Patrick Gaveau


28.10.20 09:08 AM Comment(s) By PATRICK GAVEAU

Vietnamese people are their country’s greatest asset.

Having lived in South Vietnam for 10 years, I know that most have warm hearts. You only have to get down the streets to know this – just walk and count how many open, honest smiles you share with strangers before you reach your destination.

Vietnamese people are generous. My local family hosts us too often, and they love doing it. When we eat, I am often served first. They will offer me the best piece – the nicest cut of meat, the freshest vegetables, the thickest rolled spring roll.

With generosity comes hope, and for most Vietnamese life is better now and it will get even better soon. There is hope in the eyes of every Saigonese parent and child we meet. This buoyant optimism is contagious, and those who don’t feel it won’t survive long in this country.

“Always look on the bright side of life. Otherwise it’ll be too dark to read.”

For so many, life is hard in Vietnam, and without optimism life can be impossible. Hard work is a part of everyday life here – in the lives of the young and the old, the farmers and street vendors, those who work 14/7 shifts to feed their families. Or in the lives of the many who travel south a thousand kilometres to find work so they can send money back home.

Education is central for the Vietnamese. People of all ages often choose to pursue their education further. My sister-in-law began her PhD at 40 and her husband, soon to be 44, just graduated with a master’s degree. Both have full-time jobs and there are no complaints about their lack of time off.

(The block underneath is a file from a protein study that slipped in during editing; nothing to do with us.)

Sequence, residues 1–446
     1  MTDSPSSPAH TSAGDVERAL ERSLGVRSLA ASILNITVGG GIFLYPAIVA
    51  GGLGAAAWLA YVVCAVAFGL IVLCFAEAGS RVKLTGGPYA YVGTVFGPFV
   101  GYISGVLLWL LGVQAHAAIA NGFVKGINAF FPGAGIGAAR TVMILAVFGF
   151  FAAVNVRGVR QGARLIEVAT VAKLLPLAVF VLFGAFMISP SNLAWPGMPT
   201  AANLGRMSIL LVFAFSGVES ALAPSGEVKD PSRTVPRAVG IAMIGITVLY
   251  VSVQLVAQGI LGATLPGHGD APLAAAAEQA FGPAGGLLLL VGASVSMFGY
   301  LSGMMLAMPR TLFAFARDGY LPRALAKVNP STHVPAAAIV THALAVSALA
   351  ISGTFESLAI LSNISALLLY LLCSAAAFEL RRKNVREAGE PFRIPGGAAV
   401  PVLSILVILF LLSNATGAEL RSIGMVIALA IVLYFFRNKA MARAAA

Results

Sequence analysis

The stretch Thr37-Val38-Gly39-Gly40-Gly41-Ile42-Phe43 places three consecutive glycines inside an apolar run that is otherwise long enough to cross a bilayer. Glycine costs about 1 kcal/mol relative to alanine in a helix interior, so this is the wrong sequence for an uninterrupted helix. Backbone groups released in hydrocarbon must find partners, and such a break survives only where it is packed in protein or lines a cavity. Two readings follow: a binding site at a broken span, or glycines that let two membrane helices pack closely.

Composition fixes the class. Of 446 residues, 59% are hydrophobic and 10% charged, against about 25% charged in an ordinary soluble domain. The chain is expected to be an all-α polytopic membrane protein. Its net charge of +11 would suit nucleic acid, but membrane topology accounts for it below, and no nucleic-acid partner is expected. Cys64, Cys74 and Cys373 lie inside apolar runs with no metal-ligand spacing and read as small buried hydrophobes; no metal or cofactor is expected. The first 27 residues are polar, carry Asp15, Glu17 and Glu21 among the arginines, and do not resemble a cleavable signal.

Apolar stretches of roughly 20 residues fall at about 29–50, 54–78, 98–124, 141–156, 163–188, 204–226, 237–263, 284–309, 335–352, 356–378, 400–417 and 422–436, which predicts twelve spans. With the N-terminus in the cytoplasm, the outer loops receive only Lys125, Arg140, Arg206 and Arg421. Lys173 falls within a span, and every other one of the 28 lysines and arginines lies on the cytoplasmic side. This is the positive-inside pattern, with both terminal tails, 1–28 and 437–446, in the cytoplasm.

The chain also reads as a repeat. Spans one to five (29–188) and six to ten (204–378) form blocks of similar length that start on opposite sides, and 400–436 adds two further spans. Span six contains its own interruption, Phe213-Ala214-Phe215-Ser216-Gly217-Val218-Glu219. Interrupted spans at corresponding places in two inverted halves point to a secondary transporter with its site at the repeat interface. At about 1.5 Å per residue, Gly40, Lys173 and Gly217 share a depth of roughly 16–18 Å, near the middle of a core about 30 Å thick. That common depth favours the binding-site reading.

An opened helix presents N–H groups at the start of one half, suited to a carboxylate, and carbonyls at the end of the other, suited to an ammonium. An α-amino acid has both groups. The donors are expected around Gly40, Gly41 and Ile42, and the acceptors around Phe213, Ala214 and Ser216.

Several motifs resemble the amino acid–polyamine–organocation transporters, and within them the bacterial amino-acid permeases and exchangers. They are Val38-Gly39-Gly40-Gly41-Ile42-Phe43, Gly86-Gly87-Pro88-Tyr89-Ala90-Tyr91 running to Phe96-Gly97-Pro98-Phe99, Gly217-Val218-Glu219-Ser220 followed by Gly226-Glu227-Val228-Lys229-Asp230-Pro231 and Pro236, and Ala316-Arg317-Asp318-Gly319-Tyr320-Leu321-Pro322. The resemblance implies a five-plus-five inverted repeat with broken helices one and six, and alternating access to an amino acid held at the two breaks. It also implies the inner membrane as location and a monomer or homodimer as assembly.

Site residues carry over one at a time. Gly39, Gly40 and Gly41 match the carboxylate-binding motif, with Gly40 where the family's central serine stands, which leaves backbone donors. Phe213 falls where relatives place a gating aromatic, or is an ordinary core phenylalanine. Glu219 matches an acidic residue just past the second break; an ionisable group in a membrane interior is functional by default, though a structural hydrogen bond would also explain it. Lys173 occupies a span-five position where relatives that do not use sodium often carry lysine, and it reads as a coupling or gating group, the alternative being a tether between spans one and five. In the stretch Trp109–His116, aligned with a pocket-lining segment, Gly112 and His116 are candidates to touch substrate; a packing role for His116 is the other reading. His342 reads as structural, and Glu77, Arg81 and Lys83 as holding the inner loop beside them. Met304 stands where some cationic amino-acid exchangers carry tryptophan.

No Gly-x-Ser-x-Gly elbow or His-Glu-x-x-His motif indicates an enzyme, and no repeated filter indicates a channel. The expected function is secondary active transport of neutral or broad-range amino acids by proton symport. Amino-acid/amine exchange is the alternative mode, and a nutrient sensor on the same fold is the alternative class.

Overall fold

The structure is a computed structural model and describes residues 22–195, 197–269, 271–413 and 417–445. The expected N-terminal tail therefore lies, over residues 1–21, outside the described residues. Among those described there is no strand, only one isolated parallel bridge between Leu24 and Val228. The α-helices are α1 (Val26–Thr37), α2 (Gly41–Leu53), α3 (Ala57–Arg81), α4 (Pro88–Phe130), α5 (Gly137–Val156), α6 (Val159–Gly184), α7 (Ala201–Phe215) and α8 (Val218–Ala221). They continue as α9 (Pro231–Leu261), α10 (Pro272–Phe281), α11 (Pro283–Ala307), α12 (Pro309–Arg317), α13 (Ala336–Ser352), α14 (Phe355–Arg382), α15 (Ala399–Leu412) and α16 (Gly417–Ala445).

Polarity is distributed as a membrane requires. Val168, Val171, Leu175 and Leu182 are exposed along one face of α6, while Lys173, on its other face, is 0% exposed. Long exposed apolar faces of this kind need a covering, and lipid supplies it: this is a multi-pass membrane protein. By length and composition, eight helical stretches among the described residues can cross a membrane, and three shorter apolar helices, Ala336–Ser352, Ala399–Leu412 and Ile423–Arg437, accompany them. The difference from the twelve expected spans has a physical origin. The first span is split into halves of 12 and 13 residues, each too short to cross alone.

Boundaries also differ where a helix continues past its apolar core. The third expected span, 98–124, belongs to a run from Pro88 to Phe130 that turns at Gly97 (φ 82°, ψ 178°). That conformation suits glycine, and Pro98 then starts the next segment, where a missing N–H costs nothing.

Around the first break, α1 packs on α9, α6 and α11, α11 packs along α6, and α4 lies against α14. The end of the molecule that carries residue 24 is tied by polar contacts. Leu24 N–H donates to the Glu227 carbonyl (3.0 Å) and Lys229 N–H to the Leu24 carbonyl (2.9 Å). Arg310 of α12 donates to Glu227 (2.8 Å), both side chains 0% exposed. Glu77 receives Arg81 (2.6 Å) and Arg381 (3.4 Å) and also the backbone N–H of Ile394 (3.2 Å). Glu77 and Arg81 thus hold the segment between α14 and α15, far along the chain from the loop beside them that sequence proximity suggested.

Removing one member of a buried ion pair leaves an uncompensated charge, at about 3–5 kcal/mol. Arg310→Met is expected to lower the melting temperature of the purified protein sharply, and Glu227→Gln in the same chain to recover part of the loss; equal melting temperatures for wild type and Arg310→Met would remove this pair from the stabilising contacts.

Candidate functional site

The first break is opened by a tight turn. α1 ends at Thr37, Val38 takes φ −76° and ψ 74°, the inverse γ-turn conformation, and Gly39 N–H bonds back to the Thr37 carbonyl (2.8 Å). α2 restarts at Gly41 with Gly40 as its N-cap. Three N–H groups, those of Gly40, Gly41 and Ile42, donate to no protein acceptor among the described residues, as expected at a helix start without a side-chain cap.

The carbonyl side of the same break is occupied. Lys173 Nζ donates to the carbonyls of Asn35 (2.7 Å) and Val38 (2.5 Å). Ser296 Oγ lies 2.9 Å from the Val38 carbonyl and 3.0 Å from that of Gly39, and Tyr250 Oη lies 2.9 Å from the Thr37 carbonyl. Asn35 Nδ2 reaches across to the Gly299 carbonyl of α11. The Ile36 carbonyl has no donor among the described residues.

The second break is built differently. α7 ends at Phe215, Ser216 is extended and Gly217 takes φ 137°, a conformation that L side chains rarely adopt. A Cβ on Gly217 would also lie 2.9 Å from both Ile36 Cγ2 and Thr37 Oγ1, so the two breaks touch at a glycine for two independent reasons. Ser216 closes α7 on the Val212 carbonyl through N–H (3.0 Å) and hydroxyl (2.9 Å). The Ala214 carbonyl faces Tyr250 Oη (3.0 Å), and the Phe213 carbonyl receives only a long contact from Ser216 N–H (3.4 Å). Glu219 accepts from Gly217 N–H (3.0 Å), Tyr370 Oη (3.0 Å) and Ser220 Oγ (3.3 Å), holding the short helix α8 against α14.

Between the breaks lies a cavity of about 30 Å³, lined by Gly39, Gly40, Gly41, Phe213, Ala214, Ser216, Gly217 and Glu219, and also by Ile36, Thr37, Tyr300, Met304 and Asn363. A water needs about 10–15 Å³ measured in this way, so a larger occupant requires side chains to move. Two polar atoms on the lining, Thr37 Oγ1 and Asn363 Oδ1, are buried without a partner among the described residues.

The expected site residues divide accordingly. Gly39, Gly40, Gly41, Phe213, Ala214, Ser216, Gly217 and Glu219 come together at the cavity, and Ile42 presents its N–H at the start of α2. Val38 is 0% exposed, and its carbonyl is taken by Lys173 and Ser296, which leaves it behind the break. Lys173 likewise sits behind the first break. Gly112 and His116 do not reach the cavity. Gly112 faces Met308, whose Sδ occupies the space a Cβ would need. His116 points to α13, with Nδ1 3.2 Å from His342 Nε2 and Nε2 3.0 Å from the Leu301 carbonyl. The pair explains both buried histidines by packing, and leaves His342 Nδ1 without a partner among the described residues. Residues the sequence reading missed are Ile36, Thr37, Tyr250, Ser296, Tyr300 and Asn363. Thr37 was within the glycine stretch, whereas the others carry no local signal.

“If you think education is expensive, try ignorance.” - Derek Bok

People here work hard, are driven, and tend not to complain. In fact, I can only recall a few occasions where direct criticism and complaints were openly voiced; it is a blessing to live in such an environment. Such calm behaviour is common during interactions with foreigners. I’m not sure if it applies amongst themselves, but fortunately on the outside it looks that way.

The Vietnamese have an inner strength and lots of resilience. They have been invaded by some of the most powerful civilisations in history, from the Mongols and the Chinese to the French and the Americans. They have been colonised, squashed, their sovereignty has been threatened again and again, and every time they have come out as victors. Yet they are humble and magnanimous about it.

Perhaps this attitude can be attributed to culture. The core of Vietnamese society is family values, an intrinsic part of Vietnamese philosophy. It was in Vietnam that I discovered the true meaning of this. Family are the roots that nourish the tree and its branches, which in time produce fruits in variety and abundance. The fruits become the seeds for the next generation, and with new roots the tree continues to flourish.

“Family is not an important thing, it’s everything.” - Michael J. Fox

Though all family is respected and none so much as the elders, Vietnam is in fact a young country. Youth below 25 years of age represent 44.48% of the population. This is an asset that few countries have. Some 97.3% of the population is literate and the education system is improving.

Those who have never settled in Ho Chi Minh City may believe that their freedom will be restricted. But for me it is the one place on earth where freedom actually means something. Be as you choose to, act as you choose to, dress as you see fit, and please let others be. It is the essence of freedom in Vietnam.

But with this freedom comes the responsibility to respect others, and respect for elders is an essential part of Vietnamese culture. True respect for elders and for teachers is expected and celebrated. They are held in high esteem and proper manners are taught at a young age. One should not disrespect another if he/she wishes to keep face, especially someone wiser and with more life experience.

“People who don’t cherish their elderly have forgotten 
​from whence they came and whither they go.”

Finally, the Vietnamese embrace tolerance. There are 53 ethnic minorities and different religions abound, all coexisting without conflict. Religious beliefs are often incorporated with one another. It is not uncommon to see a Christian praying at the temple or vice versa.



Share -